Mobile home tenants need protection.
Mobile home park tenants in Eugene need Mayor Kitty Piercy's help. We need a temporary moratorium on mobile home park closures until the Eugene City Council or the state Legislature has an opportunity to act.
Many indicators suggest that the problems of park closures in Portland will be repeated in Eugene, and throughout Lane County. We need protection now to give the City Council time to fashion a solution that addresses the needs of residents as well as park owners.
There is a precedent for a temporary moratorium. About 27 years ago, a crisis developed concerning the conversion of apartments to condominiums. A moratorium on conversions was put into place. This allowed the City Council to craft an ordinance that addressed all parties' concerns. Do our mobile home park residents deserve any less consideration?
The Lane County Housing Policy Board has established a committee to study the park closure issue and to make recommendations for possible action by Eugene, Springfield and Lane County. Due to the complexity of this issue, it's likely to be many months before action occurs.
Mayor Piercy has demonstrated her concern about this issue. She took personal time on a Sunday afternoon in May to visit concerned residents at Briarwood Mobile Home Park. Her parting words were, "Please keep me informed and let me know what I can do to help." Now, we need Piercy's leadership skills.
A crisis is now occurring in the Portland area. Washington County alone has experienced the closure of 13 parks in the past 18 months - 985 home spaces have been lost. An additional 150 spaces will be lost with the scheduled closure of two more parks.
If only one medium-sized park closes in Eugene, there are not enough spaces in all of the remaining parks to accept the homes to be moved. What counsel will Piercy offer to those who are willing to move their homes, but have nowhere to move them? What about those who cannot move? Is the mayor aware that some parks will no longer accept single-wide homes of any age, or homes older than six years?
A significant percentage of owners of mobile homes in parks are seniors, disabled or living on low incomes. These people's homes are much more than a place to live. Their homes allow them to be a community, with social lives and a support network (including long-term caregivers who may be unable to travel to a new location).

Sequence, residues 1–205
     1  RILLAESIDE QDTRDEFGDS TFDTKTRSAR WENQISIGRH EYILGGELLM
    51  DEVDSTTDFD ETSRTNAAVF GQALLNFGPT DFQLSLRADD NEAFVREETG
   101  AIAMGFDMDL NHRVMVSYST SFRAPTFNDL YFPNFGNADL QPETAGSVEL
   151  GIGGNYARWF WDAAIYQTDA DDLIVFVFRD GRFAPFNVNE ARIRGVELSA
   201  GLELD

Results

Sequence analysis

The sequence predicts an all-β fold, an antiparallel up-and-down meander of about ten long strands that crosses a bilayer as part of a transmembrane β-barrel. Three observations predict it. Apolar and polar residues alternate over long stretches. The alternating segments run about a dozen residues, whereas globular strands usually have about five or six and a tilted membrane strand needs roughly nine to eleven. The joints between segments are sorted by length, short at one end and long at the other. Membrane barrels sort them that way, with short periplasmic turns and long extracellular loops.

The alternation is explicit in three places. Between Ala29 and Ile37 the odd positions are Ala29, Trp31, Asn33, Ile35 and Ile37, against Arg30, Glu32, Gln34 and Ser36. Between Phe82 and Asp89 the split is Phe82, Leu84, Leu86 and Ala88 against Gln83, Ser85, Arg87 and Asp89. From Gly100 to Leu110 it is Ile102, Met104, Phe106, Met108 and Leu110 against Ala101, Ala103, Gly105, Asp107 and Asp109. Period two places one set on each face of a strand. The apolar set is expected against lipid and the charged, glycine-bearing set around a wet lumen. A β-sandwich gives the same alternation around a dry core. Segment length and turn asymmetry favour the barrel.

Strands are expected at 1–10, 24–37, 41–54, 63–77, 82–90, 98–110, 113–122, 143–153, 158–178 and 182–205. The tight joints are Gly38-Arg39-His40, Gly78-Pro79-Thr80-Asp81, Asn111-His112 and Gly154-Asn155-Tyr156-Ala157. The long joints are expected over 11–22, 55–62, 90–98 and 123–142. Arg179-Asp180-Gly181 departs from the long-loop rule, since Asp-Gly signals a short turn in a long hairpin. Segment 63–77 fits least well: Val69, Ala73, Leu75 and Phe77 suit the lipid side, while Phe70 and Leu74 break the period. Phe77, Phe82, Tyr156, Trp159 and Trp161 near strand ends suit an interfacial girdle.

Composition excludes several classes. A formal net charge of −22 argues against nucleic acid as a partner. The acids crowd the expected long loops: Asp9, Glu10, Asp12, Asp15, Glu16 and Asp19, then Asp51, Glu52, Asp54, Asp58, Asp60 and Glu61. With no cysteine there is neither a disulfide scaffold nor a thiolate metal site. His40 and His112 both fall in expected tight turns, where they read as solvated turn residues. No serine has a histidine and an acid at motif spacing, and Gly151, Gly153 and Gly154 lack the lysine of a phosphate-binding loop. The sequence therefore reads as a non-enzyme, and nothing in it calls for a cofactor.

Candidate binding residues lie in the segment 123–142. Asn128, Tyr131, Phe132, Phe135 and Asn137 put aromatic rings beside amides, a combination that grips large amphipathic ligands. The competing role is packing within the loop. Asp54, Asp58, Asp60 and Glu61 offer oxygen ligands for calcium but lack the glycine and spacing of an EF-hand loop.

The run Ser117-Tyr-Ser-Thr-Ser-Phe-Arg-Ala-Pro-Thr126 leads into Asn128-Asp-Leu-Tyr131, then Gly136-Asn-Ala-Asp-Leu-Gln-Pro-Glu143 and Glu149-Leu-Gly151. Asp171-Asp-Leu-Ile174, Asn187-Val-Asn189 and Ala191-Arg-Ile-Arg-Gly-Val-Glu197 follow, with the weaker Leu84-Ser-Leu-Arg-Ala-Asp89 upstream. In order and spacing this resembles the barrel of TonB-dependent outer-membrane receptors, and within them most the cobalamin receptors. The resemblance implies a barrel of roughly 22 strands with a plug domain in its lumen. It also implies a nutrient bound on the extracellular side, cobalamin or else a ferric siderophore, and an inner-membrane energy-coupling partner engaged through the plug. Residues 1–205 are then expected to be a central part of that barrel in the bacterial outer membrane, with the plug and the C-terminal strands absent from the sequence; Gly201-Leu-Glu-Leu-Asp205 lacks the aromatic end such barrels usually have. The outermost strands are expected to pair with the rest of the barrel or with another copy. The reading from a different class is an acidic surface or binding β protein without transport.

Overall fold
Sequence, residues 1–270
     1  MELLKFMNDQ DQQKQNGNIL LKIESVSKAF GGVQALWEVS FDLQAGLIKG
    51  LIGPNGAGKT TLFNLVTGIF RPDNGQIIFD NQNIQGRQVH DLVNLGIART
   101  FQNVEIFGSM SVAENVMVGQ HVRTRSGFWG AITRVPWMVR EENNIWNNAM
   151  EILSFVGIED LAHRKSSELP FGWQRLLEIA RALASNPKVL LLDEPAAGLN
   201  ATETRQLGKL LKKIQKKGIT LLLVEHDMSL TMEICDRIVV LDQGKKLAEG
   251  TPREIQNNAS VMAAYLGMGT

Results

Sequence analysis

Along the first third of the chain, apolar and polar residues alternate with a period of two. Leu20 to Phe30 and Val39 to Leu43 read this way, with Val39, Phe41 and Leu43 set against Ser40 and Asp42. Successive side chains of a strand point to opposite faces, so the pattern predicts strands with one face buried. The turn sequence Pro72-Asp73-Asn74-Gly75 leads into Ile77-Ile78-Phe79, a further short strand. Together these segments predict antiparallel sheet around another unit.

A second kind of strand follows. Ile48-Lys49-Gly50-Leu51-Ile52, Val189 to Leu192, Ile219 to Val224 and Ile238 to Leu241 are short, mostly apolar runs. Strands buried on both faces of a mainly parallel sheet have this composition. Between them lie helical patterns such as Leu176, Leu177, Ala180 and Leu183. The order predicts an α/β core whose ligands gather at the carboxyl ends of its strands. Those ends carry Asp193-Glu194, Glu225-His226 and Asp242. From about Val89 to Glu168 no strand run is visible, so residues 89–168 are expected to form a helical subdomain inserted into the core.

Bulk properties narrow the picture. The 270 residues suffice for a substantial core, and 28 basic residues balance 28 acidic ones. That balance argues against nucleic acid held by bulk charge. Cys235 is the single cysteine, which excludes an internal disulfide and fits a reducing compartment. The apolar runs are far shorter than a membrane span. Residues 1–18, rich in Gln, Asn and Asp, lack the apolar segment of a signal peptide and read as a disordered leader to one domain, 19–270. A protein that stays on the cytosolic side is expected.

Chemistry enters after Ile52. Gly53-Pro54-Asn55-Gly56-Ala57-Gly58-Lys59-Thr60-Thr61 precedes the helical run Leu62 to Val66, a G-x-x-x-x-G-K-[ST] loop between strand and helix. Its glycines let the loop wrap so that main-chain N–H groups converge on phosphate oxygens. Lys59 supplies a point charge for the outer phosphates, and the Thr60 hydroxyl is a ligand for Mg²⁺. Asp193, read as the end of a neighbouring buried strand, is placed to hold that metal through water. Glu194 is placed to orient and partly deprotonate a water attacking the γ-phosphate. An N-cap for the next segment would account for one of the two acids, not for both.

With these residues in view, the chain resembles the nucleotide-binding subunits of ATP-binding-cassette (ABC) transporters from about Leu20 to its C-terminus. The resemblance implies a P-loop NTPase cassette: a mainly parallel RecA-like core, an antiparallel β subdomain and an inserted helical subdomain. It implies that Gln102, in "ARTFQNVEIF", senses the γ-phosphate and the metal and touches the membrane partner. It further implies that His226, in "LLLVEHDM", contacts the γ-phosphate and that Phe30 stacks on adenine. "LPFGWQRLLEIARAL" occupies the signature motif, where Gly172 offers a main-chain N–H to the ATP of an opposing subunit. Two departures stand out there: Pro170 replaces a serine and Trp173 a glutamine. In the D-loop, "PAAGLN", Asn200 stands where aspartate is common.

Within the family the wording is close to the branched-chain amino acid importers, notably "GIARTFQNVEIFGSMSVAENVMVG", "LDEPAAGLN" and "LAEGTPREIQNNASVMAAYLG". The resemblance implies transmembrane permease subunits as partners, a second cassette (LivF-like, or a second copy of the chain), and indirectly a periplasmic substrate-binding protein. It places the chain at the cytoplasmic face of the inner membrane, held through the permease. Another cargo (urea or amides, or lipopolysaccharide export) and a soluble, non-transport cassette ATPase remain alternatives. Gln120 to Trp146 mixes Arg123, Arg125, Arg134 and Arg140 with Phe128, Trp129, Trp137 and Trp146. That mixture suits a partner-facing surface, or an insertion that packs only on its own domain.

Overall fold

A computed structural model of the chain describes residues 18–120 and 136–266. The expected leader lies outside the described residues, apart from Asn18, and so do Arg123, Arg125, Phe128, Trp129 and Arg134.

Even those who are able to move may be unable to afford it. The upfront cost of moving a single-wide home can exceed $15,000. Many low-income mobile home owners fail to meet lending institutions' credit standards, even though they are among the most reliable in meeting their financial obligations.
As a resident in an at-risk park, I dread opening The Register-Guard to read that my park has been sold. Under the current law, I might well lose my home and receive no compensation.
To our Legislature's credit, a new law provides an income tax credit of up to $10,000. That was a step in the right direction, but it falls far short of fixing the problem. The credit is available only if a homeowner's home is moved. Claiming the credit will be quite a challenge for residents who discover there are no spaces available to accept their homes.
Substantial profits can be made by converting parks to a higher use. Is asking for a temporary hold on the park owners' profits while solutions can be found and put in place asking too much?
We not only have a growing population, we have an aging population. In the past, people nearing retirement had the option of reducing living costs by purchase of an in-park mobile home. This option is about to vanish. Where will our seniors, our disabled and our low-income families live?
We need Mayor Piercy's help. If not her, who will help us?
Jerry Harden (firstname.lastname@example.org) is a member of the Housing Policy Board committee studying the mobile home park closure issue. The views stated in this essay are his own.
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|Publication:||The Register-Guard (Eugene, OR)|
|Date:||Oct 22, 2006|
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